Few beings have ever been so impregnated, pierced to the core, by the conviction of the absolute futility of human aspiration. The universe is nothing but a furtive arrangement of elementary particles. A figure in transition towards chaos. That is what will finally prevail. The human race will disappear. Other races in turn will appear and disappear. The skies will be glacial and empty, traversed by the feeble light of half-dead stars. These too will disappear. Everything will disappear. And human actions are as free and stripped of meaning as the unfettered movement of the elementary particles. Good, evil, morality, sentiments? Pure “Victorian fictions.” All that exists is egotism. Cold, intact, and radiant.

Lovecraft’s wholly materialistic fiction, his disgust at being fettered by the vicissitudes of the natural world, is made radiant with the knowledge that, though things exist, their existence is entirely arbitrary. He gets us coming and going, in other words. He’s disgusted by the sheer fact of existence, and simultaneously horrified that it carries no meaning beyond itself. This is the pure nihilism of gore and the animating pathos of films such as Hostel and Saw.

When it comes to this kind of horror, human institutions are merely a thin film protecting us from the truly revolting nature of life. Materialist horror operates by peeling back the pathetically flimsy protections of culture to reveal the naked and vast horror of what it considers pure existence. The horror itself results from life being completely denuded of its mystery, or perhaps from finding mystery to be an inadequate illusion we use to spare ourselves from the bare facts of existence. There’s something pornographic in this compulsion to expose in nihilistic horror. Korean-German philosopher Byung-Chul Han defines the erotic against the pornographic as something that interrupts, tarries, and holds us at a distance, while the pornographic presents itself as bare fact delivered directly and without intermediary. Narrative is erotic, but facts are pornographic. The supernatural suggests a distance between subject and object, but the aptly named “torture porn” of films like Saw collapse the space between meaning and existence, reducing both to a false equivalency: a severed limb shown in close up is the totality of meaning in the universe.

Opposing The Thing, the bare fact, is The Presence. Kirk’s fiction is rich with it. Though his output was relatively modest, comprising in total some twenty-two stories along with three novels that were written predominantly in short bursts throughout the ’60s and ’70s, Kirk’s fiction burns even more incandescently for its brevity and focus. Collected and recollected in books such as Ancestral Shadows and The Surly Sullen Bell, Kirk’s fiction isn’t always easy to acquire. Special orders and calls to book dealers are occasionally necessary for a few of the more rare collections, yet he always remains timely: the dynamics of The Presence being echoed in both the subject matter of the works themselves and their occasionally enigmatic physical existence, suggesting a constant interplay between the ephemeral and eternal.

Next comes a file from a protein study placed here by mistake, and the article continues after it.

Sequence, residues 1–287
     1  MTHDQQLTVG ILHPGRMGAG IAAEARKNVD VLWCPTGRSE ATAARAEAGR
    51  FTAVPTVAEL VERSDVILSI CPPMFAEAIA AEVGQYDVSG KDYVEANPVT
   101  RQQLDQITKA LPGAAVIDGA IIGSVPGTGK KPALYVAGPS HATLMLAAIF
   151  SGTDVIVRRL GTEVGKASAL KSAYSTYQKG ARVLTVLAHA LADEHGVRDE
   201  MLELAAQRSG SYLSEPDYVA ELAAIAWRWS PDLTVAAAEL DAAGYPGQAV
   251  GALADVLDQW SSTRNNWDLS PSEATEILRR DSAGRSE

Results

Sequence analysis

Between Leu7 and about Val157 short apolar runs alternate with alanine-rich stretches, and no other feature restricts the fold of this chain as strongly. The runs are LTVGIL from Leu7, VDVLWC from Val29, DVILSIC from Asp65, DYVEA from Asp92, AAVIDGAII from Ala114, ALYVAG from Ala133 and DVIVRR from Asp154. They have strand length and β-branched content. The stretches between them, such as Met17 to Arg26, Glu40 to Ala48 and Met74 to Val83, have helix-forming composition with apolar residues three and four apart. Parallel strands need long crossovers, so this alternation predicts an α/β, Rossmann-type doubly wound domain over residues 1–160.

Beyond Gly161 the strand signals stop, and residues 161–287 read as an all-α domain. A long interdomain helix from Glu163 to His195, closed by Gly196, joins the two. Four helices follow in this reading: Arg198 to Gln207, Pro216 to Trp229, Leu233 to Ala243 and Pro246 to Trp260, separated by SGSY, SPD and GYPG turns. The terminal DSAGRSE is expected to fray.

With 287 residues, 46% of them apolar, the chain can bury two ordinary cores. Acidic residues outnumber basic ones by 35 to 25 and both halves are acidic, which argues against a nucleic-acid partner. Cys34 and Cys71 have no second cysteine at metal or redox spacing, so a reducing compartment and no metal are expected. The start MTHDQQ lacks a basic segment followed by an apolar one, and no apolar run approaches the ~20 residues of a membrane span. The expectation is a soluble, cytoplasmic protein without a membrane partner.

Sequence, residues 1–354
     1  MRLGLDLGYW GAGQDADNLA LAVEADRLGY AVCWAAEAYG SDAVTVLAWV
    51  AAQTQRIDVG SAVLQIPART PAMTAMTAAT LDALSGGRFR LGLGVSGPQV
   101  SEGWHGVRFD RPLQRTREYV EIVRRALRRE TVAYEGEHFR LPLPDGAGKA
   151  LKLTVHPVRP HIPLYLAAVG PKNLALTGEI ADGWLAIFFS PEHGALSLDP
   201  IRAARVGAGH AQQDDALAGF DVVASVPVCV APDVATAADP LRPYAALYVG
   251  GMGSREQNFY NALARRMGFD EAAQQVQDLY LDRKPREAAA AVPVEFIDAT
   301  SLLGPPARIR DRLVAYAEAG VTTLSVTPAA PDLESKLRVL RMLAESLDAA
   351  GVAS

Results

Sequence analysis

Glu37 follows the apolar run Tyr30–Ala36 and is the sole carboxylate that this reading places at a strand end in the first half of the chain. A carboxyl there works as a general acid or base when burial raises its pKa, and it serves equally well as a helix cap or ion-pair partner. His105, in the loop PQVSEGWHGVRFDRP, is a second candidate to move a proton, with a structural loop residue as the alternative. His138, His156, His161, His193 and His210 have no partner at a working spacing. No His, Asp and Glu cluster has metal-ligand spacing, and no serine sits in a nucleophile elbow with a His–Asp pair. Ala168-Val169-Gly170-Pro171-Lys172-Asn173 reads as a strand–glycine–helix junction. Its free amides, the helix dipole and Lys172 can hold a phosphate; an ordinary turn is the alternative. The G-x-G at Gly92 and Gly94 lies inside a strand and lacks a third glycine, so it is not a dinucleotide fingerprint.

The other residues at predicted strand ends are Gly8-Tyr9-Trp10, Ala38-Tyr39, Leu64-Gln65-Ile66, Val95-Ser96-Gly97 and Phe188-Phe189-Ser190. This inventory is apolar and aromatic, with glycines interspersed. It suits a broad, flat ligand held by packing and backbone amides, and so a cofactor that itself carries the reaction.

Kirk’s fiction is suffused with The Presence. You find it sensed by both the older man and younger boy in “An Encounter by Mortstone Pond.” The Presence haunts Stoneburner in “What Shadows We Pursue.” We’re almost tricked into thinking the eponymous Presence has betrayed itself by materializing in “Uncle Isaiah.” Old House of Fear is absolutely permeated with Presence. But what is it? It might help to think of The Presence as the exact inverse of The Thing. If The Thing is horrible because it exists, and because it implies a nihilistic void in which the material world is all that exists, then The Presence is summarized by T. E. Hulme’s phrase “Nothing suggests itself.” The Presence, a sense of something that can’t quite be acquired by the senses, intimates a metaphysical order lying outside the material world that also gives that world coherence.

The horror of The Thing is a plaintive howl of nihilism. The horror of The Presence is a humbling challenge to our pragmatic, everyday experience of the world. The Thing is disgusting, but The Presence is awful in the traditional sense of the word, as being full of awe. It unsettles and challenges while offering a terrible glimpse of the sublime. A few contemporary cinematic examples of this school of horror can be found in The Sixth Sense, The Others, and perhaps surprisingly The Exorcist.